Wednesday, November 11, 2015

Cityscapes with Fireworks Collages

Over the summer, I did a mixed media cityscape with fireworks project with my Unique Materials Art Fun classes. I was very excited to be asked by Arts and Activities Magazine to submit the lesson for possible future publication. I was so pleased to hear the article will be in the December issue. What an honor and privilege to be included in the nation's leading art education magazine!

Here is my original post and a variation on the lesson using recycled materials.

 Jackson Pollock fireworks show (by Calvin)

This fun and "everything but the kitchen sink" lesson is a take on this mixed media cityscape project I did a few months ago. "Miss Mary, the 4th of July is over." I told my classes, "There is a fireworks show at Disneyland every night at 9:35. You can even hear it from where we live!" (about 15 miles away) Each child created a cityscape outline using cardboard pieces and black acrylic, using the edges to make prints. After these were dry, they painted them with watercolors. Windows were created with circle or square prints in bright colored acrylics. They glued company names from magazines to personalize their cities. Fireworks were done on a separate piece of construction paper with small brushes and acrylics, with a final flicking of paint. And last, we located out cities on water and created reflections using oil pastels with a watercolor wash. There is a lot going on with these, clearly evident on our tables (and even floors) at the end of this project. But what Fun!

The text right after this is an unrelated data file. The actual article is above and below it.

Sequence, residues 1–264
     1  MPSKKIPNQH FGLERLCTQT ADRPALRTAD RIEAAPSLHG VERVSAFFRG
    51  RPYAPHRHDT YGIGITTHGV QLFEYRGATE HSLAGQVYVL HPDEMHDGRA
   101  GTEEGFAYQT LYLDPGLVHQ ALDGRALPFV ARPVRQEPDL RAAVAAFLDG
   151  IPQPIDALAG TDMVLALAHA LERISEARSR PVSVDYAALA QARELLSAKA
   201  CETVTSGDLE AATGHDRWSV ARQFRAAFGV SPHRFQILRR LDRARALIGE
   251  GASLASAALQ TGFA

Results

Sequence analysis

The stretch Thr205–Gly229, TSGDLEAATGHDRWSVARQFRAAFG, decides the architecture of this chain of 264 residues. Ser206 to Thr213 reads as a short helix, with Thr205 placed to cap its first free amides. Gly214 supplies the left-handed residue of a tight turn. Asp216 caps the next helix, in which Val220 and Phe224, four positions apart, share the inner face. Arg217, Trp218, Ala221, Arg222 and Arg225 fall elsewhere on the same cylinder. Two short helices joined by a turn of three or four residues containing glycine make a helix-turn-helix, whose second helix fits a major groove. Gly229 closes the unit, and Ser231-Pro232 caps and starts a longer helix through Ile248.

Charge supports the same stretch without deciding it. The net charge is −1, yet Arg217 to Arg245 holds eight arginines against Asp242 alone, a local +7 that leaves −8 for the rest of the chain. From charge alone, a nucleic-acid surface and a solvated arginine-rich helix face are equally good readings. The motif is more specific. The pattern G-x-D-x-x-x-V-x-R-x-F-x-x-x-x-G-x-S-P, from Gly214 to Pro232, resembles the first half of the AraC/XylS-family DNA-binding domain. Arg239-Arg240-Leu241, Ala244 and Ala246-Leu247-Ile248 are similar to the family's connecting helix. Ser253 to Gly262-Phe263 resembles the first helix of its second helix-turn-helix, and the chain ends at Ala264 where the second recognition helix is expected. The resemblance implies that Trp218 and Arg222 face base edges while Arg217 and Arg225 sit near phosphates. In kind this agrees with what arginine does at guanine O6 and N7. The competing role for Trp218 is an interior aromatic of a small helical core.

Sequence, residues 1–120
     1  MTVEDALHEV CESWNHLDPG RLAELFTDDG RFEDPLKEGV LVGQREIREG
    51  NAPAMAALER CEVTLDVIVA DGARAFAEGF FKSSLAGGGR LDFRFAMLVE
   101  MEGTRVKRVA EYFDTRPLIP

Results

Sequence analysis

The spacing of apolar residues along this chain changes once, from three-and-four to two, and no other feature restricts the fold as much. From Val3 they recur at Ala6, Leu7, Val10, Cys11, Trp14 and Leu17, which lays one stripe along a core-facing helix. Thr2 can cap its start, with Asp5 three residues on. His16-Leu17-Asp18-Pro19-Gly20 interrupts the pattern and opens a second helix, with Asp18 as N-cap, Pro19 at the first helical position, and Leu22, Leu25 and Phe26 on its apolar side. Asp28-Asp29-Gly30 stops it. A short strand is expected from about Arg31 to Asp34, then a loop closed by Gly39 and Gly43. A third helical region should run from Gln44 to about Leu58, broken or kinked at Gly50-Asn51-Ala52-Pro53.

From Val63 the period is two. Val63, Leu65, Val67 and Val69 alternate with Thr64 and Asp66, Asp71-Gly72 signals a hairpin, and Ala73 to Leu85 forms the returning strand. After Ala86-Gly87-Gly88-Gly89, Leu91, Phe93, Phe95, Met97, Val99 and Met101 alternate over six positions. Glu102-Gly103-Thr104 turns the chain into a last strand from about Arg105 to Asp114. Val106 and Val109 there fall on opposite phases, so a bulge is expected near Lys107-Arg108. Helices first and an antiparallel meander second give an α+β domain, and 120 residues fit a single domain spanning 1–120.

Mixed Media Cityscape Collages

 Reese, 1st grade

 Mia, 1st grade

 Ella, 1st grade

Presley, 1st grade

Lauren, 1st grade

Rylee, 5 

Parker, 5

 My new Draw, Paint, Collage classes are working on some very large mixed media cityscape pieces inspired by the art of Ezra Jack Keats (a real favorite of mine), Romare Bearden and even a little Basquiat. You'd never know it by the amount of animal based projects I do, but I Love cityscape art. The more expressive, the better. So I experimented with a variety of media and techniques and came up with this project. The kids started out choosing a well worn placemat full of paint and even doodles.

They choose a few analogous colors and white to sponge paint lightly over their poster board, leaving paint and doodles showing through. The next layer was a black city silhouette started with Sharpie and then painted in with acrylic. Once dry, ends of pencil erasers were used to make colorful prints for city lights. Next, I had the children use sponge brushes to paint over a sheet of newspaper, encouraging them to leave some words and pictures showing through. Pieces of cardboard were then used to print out building shapes and sponges were used to print colorful lit or dark windows. Once dry, they glued down some logos cut from magazines. And as if this wasn't enough (a less is more art lesson, this is not), I had them create reflected city lights using oil pastels, which they painted over with blue watercolor to create a waterfront city. Collage pieces were cut out and glued in layers with some help from Miss Mary. They are wild and expressive - just my thing!

My experiment for the lesson

Thursday, October 29, 2015

Observational Still Lifes

 Abby, 3rd grade

 Fiona, 2nd grade

 Maggie, 3rd grade

 Izzy, 1st grade

Ella, 2nd grade

 Kate, kindergarten

 Mia, 2nd grade

 Sydney, 3rd grade

Calvin, 3rd grade